The president of the Iowa-based World Food Prize has returned home from Iran.
Kenneth Quinn was invited to Tehran to speak at a ceremony honoring Cresco, Iowa native Norman Borlaug, a Nobel Peace Prize winner who developed higher-yielding, drought-resistant varieties of wheat that are credited with saving billions of people from starvation.
Quinn called his visit to Iran an “unprecedented” trip. “I discovered that I am the first ever former United States Ambassador to be invited to come to Iran and address a conference organized by a governmental entity or, for that matter, any other conference organized by anyone,” Quinn told reporters today in Des Moines.
The former U.S. Ambassador to Cambodia is now hoping to capitalize on the trip. Quinn told the Iranian audience that scientific cooperation is needed across national borders to eliminate wheat rust disease.
“To that end, I invited the Iranian Ministry and the Agricultural Technology Research Institute (of Iran) to send one of their top scientists to the World Food Prize Symposium next month,” Quinn said.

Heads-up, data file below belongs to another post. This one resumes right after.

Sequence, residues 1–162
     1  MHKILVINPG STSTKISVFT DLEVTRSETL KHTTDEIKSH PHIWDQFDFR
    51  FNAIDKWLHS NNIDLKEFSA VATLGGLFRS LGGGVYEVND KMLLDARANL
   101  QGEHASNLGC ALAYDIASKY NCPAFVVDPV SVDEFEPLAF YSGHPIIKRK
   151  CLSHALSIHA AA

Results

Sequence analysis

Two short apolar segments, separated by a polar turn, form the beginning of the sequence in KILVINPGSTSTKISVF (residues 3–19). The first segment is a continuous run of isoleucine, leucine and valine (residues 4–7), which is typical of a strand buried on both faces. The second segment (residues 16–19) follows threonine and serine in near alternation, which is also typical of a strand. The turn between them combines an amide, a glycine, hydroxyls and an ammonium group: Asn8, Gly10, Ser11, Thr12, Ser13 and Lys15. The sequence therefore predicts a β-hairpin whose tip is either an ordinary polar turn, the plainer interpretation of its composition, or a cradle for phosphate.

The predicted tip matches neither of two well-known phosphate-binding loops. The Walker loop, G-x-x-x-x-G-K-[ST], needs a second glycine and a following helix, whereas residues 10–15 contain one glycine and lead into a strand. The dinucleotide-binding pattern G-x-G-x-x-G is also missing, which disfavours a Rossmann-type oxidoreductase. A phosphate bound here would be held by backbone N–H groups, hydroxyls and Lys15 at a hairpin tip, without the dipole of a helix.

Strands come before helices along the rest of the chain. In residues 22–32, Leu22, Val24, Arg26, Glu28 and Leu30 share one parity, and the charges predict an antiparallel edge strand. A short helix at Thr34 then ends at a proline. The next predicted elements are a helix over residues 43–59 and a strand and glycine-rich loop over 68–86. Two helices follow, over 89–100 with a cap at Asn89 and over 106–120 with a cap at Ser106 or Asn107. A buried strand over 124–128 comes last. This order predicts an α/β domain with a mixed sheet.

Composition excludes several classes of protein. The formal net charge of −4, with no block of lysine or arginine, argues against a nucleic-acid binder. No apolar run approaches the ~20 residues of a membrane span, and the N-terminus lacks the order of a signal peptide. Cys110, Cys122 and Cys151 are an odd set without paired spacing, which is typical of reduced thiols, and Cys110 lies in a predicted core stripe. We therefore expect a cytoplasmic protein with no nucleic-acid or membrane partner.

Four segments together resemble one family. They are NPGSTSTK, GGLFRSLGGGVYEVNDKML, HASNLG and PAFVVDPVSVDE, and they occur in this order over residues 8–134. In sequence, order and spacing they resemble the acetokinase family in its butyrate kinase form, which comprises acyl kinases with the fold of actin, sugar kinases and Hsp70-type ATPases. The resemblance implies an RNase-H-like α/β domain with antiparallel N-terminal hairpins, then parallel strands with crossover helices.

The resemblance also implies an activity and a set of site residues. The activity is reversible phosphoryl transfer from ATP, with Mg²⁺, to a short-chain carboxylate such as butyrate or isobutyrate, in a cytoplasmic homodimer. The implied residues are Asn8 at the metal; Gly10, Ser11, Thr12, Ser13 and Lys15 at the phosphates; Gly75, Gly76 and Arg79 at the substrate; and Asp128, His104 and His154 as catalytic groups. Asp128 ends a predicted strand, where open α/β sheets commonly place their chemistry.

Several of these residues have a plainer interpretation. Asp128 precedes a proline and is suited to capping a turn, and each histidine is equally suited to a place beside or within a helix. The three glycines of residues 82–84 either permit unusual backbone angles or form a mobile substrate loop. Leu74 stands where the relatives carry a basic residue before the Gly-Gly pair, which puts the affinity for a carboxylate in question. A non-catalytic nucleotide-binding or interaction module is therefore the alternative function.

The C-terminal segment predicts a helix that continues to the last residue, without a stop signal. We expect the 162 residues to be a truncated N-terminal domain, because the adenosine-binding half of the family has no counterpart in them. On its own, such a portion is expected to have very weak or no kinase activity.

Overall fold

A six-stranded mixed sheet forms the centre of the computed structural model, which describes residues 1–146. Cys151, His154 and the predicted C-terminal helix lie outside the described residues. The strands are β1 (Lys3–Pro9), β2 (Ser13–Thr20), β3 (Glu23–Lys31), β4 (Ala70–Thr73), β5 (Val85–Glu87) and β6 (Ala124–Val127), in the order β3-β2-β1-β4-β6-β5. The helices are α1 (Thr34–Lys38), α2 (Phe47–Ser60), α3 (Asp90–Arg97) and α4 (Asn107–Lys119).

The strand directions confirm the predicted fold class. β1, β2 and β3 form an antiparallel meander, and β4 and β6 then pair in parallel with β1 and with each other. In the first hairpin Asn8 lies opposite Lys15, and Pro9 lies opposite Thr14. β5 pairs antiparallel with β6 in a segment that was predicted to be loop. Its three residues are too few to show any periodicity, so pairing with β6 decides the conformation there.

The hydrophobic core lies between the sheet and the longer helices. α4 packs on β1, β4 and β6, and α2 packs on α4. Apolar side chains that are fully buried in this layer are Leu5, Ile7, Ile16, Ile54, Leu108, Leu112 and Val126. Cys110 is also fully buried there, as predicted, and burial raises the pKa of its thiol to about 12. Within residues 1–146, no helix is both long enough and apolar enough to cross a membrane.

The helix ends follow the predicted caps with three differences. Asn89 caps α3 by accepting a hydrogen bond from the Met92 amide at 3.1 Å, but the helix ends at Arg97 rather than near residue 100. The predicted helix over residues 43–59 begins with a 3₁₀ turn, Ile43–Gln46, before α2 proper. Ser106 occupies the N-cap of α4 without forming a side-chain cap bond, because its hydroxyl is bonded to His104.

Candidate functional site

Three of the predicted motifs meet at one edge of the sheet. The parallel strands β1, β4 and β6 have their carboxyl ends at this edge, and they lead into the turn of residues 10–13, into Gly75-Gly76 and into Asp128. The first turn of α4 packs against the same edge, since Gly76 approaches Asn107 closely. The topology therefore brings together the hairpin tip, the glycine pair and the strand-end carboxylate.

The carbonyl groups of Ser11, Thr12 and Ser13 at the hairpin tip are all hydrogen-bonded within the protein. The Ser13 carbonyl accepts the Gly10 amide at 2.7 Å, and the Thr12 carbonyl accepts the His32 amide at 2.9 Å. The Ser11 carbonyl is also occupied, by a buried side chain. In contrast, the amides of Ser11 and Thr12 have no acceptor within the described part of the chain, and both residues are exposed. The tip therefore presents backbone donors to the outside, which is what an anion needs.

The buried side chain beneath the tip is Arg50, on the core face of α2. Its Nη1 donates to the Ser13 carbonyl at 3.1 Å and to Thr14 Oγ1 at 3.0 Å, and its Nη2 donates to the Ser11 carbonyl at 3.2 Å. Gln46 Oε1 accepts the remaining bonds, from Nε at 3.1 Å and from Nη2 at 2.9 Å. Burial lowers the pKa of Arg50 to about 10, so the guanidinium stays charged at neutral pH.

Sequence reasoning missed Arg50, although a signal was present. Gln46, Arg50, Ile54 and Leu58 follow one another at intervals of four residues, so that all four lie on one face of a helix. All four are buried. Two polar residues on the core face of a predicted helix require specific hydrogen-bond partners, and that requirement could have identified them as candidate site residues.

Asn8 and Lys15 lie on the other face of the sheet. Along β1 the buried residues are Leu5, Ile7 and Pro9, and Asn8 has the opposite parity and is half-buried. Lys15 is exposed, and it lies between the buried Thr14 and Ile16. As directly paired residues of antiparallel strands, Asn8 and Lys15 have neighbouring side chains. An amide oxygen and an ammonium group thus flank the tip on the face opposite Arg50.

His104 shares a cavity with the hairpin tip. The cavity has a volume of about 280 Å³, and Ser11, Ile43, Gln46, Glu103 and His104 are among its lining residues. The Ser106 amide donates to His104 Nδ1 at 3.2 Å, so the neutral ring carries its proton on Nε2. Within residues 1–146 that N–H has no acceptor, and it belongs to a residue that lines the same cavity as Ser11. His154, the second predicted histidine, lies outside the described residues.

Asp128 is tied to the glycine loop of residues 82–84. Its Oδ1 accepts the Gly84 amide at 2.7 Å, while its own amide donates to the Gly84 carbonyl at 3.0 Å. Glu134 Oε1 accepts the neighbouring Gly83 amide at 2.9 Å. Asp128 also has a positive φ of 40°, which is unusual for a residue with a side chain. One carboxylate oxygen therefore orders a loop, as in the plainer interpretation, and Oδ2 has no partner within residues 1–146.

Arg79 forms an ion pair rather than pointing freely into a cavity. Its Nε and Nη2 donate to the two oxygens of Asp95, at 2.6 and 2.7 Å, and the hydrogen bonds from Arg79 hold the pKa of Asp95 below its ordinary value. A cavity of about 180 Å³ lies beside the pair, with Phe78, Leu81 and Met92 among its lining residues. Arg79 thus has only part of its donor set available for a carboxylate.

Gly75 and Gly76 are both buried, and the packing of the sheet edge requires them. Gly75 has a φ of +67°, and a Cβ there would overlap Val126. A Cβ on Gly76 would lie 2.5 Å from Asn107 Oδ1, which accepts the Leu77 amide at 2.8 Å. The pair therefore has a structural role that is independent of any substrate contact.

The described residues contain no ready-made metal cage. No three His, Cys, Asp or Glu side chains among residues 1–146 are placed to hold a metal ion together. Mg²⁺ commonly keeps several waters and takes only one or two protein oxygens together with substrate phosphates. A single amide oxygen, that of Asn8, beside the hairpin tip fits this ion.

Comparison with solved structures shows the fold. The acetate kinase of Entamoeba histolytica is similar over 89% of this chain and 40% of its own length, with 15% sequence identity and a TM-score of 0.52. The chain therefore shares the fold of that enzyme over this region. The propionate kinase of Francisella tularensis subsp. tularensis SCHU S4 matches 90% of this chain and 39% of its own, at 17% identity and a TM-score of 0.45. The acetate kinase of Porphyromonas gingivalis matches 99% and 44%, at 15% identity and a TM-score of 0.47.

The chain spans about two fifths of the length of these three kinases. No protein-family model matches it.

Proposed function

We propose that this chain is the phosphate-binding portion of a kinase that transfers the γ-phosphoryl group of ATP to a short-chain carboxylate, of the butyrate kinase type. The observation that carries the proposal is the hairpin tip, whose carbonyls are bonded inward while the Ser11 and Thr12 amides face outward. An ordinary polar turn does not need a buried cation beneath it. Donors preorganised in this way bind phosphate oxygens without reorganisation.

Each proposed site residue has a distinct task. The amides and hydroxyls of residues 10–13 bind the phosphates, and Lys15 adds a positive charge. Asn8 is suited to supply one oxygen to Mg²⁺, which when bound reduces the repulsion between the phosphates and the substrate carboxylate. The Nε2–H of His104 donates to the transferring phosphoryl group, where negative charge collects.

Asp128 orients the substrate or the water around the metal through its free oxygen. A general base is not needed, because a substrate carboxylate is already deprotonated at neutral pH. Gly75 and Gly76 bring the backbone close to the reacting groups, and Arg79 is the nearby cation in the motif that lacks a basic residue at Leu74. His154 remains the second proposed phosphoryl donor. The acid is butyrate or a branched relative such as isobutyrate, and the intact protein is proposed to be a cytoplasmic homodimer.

Quinn learned today that the director general of the Seed and Plant Improvement Institute of Iran has been nominated to attend the symposium, scheduled for October 15-18 in Des Moines. Wheat rust disease has been spreading across Africa and the Middle East and, according to Quinn, could affect food security worldwide. In his 25-minute long speech, Quinn suggested there could be “no greater tribute” to Borlaug than if Iran, the U.S., and other countries could work together to eliminate rust disease from the face of the earth.
Quinn received a standing ovation. “I took from that…perhaps there are steps possible that could reduce tension and hopefully alleviate conflict, particularly now, with so much turmoil and volatility throughout the Middle East,” Quinn said. The speech in Tehran took place on August 26.
Quinn spent some time with his wife on vacation in Turkey and Greece before returning to Iowa last week. Quinn said he’ll try to work through the governmental red tape necessary to ensure the Iranian scientist can make the trip to Des Moines next month.
Photo courtesy of the World Food Prize Foundation.
Audio: Ken Quinn interview 26:11.